First Minister Mark Drakeford and Minister for Environment, Energy and Rural Affairs Lesley Griffiths visited the £6.1 million scheme today (14 March) to see how the flood defences have impacted on the local area and how the new scheme will help reduce risk to properties.
Pontarddulais, which is situated on the banks of the River Dulais, north-west of Swansea, has suffered severe flooding dating back to the 1940’s, with recent events in 2003, 2005 and 2008.
The scheme, led by Natural Resources Wales (NRW), involved building a flood storage reservoir upstream of the town, which can hold back the equivalent of nearly 70 Olympic size swimming pools. During high river flows, water will back up behind the embankment in Cwm Dulais, restricting flow downstream. This has reduced flood risk to 224 residential and 22 non-residential properties in Pontarddulais.
As well as reducing the risk of flooding to the town, the scheme has also provided a number of environmental benefits.
As part of the works, a wetland area to the south of the embankment has been created with 56 native trees and almost 3,000 tree saplings and shrubs having been planted. Once established the trees and shrubs will soften the visual impact of the embankments and provide habitat and connectivity within the valley.
The scheme was designed to minimise disruption to residents and have less visual impact as well as providing an opportunity to include ecological benefits.
First Minister Mark Drakeford said:
“Floods cause devastating damage to people’s homes, businesses and livelihoods, hurting whole communities. Minimising the effects and protecting our towns and villages from further harm is a priority for our Government.
“The £6.1million invested into the Pontarddulais scheme will make a considerable and significant difference to the lives of those living and working around the River Dulais, safeguarding for the long term.”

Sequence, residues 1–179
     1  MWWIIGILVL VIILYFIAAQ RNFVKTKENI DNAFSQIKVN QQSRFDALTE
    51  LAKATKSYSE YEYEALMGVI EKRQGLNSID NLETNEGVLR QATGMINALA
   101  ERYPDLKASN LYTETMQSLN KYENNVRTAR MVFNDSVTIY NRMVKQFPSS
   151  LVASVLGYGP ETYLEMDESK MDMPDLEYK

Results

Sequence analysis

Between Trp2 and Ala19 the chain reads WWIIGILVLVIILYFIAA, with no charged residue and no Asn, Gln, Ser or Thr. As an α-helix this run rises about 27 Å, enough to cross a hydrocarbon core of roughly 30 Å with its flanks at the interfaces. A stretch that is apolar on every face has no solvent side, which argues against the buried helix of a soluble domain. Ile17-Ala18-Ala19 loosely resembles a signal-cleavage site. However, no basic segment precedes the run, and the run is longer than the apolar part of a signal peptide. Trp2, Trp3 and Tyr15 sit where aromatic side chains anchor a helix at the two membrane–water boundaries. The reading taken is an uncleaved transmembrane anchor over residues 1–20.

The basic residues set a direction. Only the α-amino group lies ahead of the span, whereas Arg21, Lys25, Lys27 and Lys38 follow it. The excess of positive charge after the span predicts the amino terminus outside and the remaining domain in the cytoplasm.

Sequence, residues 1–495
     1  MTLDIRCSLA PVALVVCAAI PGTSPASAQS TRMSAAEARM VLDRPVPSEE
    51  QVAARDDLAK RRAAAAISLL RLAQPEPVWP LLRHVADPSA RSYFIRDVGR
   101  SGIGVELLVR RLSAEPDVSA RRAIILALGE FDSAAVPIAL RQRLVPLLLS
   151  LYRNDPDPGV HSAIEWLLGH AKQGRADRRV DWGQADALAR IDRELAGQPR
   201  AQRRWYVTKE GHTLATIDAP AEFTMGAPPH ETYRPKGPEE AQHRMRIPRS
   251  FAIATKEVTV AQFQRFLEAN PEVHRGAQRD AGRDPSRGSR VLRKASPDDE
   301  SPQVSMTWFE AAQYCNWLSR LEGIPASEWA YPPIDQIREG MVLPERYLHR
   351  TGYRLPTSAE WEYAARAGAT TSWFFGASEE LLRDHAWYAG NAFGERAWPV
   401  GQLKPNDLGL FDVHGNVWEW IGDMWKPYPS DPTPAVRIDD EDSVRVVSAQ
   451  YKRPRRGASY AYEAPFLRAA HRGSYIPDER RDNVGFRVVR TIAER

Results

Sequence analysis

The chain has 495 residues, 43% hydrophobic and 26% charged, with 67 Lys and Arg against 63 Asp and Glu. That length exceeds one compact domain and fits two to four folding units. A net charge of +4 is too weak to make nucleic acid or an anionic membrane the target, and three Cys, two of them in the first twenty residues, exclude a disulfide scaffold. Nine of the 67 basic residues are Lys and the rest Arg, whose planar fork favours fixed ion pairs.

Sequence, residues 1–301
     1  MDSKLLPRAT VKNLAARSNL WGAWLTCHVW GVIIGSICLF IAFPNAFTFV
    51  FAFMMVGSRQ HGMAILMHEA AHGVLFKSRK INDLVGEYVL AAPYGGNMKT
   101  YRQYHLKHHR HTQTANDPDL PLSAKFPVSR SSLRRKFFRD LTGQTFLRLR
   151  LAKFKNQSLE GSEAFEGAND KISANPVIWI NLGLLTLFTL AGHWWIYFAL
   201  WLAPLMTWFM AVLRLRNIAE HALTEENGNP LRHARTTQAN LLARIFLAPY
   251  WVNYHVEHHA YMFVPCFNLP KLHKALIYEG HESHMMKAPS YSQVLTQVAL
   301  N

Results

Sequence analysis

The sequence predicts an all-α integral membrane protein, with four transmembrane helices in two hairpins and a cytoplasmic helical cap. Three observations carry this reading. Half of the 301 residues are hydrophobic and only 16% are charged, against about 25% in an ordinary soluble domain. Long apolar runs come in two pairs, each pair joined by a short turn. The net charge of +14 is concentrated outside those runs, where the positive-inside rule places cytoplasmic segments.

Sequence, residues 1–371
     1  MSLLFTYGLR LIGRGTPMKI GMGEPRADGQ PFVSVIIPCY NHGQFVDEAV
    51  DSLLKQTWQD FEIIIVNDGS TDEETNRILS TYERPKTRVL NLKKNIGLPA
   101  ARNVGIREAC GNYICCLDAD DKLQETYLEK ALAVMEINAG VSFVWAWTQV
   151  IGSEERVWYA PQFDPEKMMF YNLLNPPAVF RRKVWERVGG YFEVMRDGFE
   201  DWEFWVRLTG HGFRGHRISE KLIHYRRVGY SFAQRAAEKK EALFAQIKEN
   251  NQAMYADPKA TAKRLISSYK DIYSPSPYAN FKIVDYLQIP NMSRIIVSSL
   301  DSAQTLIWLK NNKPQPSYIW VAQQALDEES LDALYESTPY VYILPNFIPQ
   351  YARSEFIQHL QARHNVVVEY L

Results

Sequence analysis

Minister for Environment, Energy and Rural Affairs, Lesley Griffiths, said: “After several incidents of flooding in Pontarddulais we believe this scheme is the most appropriate way to address this issue in an environmentally friendly way. We have provided a significant investment which will protect people’s homes and local businesses for many years to come.
“It has been fascinating to learn about the work carried out and the wider environmental benefits to the surrounding area from this scheme.
“I am keen to see more of this type of scheme in the future, which considers the environmental impact and identifies wider benefits which flood and coastal schemes can bring.
“Earlier this week I announced work will soon be starting on a three year, £150million investment programme of coastal risk management schemes. An additional £50million has also been announced for flood and coastal erosion risk management works over the next 12 months, as protecting homes and businesses from the devastating consequences of flooding is a key priority of this government.”
Clare Pillman, Chief Executive of Natural Resources Wales, said:
“The Welsh Government has given us responsibility to protect at-risk communities across Wales, but we must also look to deliver schemes with wider benefits to local people and wildlife.
“Building the flood storage area in the Dulais valley upstream of Pontarddulais was less disruptive for people than building flood walls through the town and gave us the opportunity to improve the local environment as well.“By creating a wetland area and planting many trees and shrubs, we’ve created new habitats which will provide a home to a rich variety of plants and animals.”